Part of Speech

Please consider the sentence:

'She enjoys watching television every day.'

Clearly, 'she' is the subject and enjoys is the 'verb'

Is 'watching' a verb here or a gerund?
Also, what role does television "television". I mean part of speech / classification in grammar (whether it is connected to 'watching')

Thanks
Rahul

Comments

  • DavidCrosbieDavidCrosbie ✭✭✭

    @rampuria

    Clearly, 'she' is the subject and enjoys is the 'verb'

    When we say the verb we mean 'the verb of the clause'.
    We're using verb to mean a FUNCTION.

    But we also use the word verb to mean 'word class'.

    • enjoy belongs to the WORD CLASS verb
    • enjoys is a FINITE FORM of the verb enjoy

    • watch also belongs the WORD CLASS verb

    • watching is a NON-FINITE FORM of the verb watch

    Some grammars use a different term for the FUNCTION.
    They say that enjoys is the PREDICATOR in the CLAUSE.

    The functions of the three parts of the clause are:

    • She — SUBJECT
    • enjoys — VERB (or PREDICATOR)
    • watching television — OBJECT

    The OBJECT takes the form of a phrase which is constructed like a CLAUSE.

    • We can't say She is watching on the television
      and we can't say watching on the television

    • We can't say She is watching John television
      and we can't say watching John television

    • We can't say She is watching television to John
      and we can't say watching television to John

    The possibilities are the almost the same with the FINITE VERB FORM is watching and the NON-FINITE VERB FORM watching.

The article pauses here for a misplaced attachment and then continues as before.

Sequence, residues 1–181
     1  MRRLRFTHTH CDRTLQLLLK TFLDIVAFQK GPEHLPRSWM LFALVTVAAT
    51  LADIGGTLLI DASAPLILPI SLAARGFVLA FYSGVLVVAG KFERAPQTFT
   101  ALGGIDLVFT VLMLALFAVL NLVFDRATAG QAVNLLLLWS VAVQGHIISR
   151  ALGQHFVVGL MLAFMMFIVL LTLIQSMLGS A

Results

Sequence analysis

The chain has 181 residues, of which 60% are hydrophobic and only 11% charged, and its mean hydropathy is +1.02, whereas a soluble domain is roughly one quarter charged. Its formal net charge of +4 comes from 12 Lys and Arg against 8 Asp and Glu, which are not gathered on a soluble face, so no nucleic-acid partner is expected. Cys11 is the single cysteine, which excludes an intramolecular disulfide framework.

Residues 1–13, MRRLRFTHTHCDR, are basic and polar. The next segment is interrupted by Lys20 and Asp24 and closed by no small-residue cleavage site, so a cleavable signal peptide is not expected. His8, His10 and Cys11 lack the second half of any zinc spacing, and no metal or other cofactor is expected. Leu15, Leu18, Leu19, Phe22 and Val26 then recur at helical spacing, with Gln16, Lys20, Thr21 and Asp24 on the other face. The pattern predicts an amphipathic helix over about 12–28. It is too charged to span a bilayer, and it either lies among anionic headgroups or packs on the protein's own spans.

That's why modern grammars describe watching television as a NON-FINITE CLAUSE.

    The differences between FINITE and NON-FINITE clauses is that

    • a NON-FINITE CLAUSE can't be the MAIN CLAUSE of a sentence — and it can't be the only clause
      If we're writing in COMPLETE SENTENCES,
      we can't write Watching television when she gets home.
      and we can't write Watching television.

    • a FINITE CLAUSE must have a SUBJECT but a NON-FINITE CLAUSE often dosen't
      If we're writing in COMPLETE SENTENCES,
      we can't write Is watching television.
      But we can write watching television as a NON-FINITE SUBORDINATE CLAUSE.

    The functions of the two parts of the CLAUSE watching television are

    • watching — VERB (or PREDICATOR)
    • television — OBJECT

    Is 'watching' a verb here or a gerund?

    Some grammars do not use the term gerund.
    But for those grammars which still use the term watching as used here is an example.

    So we can say enjoying here is BOTH a verb AND a gerund.

Sign In or Register to comment.